University of South Florida
USF grad student wins big at GPU Symposium [09.27.2010]
TAMPA, Fla.-- USF graduate Jon Belof, Ph.D., won the "Best Talk" award at the GPU Symposium at the Fall 2010 National Meeting of the American Chemical Society.
The two-day conference in Boston, held twice a year, featured speakers who talked about their own research regarding science and chemistry.
"I was really honored to be chosen to receive the award," Belof said.
Belof, a chemistry graduate student from 2005-2010, won the prestigious "Best Talk" award after presenting research he had done while at USF. His talk, titled "Solving Many Body Field Equations of a Point Induced Dipole Potential on Graphics Processing Units," featured his findings on using Graphics Processing Units to produce scientific calculations that will help improve hydrogen storage technologies.
Graphic Processing Units, also known as GPUs, are devices found in gaming systems such as Xbox.
Belof's research is important because it surrounds the idea of eventually replacing gasoline with hydrogen in vehicles. As a Ph.D. student, Belof helped to design hydrogen storage nanomaterials, a project funded by the U.S. Department of Energy.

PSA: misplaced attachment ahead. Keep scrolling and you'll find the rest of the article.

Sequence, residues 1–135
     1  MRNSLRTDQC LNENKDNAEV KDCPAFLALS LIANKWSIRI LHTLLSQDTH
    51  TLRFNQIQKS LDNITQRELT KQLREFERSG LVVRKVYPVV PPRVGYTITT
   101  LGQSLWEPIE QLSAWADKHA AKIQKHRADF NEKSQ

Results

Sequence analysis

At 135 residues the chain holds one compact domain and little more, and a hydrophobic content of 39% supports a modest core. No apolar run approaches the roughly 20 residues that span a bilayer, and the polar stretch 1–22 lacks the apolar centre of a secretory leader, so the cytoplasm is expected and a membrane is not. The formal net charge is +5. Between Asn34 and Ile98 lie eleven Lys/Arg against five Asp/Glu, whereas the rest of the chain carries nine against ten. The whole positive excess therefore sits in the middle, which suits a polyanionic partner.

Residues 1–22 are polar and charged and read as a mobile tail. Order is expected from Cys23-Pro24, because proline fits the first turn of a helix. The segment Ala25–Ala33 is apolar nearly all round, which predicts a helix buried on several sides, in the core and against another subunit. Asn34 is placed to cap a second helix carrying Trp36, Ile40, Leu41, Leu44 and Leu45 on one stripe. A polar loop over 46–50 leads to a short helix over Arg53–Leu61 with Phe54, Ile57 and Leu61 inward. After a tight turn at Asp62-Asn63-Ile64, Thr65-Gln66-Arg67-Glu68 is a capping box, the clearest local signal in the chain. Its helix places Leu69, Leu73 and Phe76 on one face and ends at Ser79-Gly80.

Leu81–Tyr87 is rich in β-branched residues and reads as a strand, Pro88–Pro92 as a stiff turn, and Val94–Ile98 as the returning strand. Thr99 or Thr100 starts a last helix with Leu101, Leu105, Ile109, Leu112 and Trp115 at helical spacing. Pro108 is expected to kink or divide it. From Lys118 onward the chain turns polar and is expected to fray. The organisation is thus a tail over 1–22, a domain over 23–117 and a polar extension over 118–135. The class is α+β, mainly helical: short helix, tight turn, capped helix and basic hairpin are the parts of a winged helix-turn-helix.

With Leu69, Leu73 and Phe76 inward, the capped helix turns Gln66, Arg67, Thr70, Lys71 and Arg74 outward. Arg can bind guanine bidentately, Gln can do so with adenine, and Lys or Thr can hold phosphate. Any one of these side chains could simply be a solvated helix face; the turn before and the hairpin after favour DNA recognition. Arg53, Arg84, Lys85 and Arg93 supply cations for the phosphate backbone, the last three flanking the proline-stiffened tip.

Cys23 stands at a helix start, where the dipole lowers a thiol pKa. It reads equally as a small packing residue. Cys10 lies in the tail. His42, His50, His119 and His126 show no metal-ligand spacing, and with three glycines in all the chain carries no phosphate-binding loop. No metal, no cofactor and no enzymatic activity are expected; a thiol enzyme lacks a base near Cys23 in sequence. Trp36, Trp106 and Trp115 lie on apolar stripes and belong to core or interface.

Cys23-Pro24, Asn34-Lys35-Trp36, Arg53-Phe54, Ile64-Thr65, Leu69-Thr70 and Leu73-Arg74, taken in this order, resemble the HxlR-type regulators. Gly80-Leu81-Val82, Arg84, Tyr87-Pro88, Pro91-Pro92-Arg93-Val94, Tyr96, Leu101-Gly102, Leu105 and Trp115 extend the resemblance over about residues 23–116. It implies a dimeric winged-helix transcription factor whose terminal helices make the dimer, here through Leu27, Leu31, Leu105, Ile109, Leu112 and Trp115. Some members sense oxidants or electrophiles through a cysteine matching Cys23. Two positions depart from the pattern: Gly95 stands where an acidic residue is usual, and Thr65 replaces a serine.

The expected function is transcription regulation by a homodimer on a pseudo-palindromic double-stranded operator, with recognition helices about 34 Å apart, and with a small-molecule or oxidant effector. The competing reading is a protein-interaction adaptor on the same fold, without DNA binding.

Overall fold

Upon receiving the award, Belof also was given a NVidia Fermi card, a type of GPU. The NVidia GPU technology allows scientists to greatly speed up the amount of time taken by scientific computations by as much as 30 times.
Belof decided to give back to USF.
"I really wanted to donate the NVidia prize to Dr. Brian Space's lab at USF, because I am really grateful to USF for giving me a fantastic experience as a grad student," Belof said. ,/p>
Brian Space, a USF chemistry professor, taught Belof during his graduate studies.
"Jon is the whole package as a chemical professional with an bright and unbounded future," Space said.
Belof now works at Lawrence Livermore National Laboratory in California, where he is researching materials in support of hydrogen fusion studies taking place using the National Ignition Facility.
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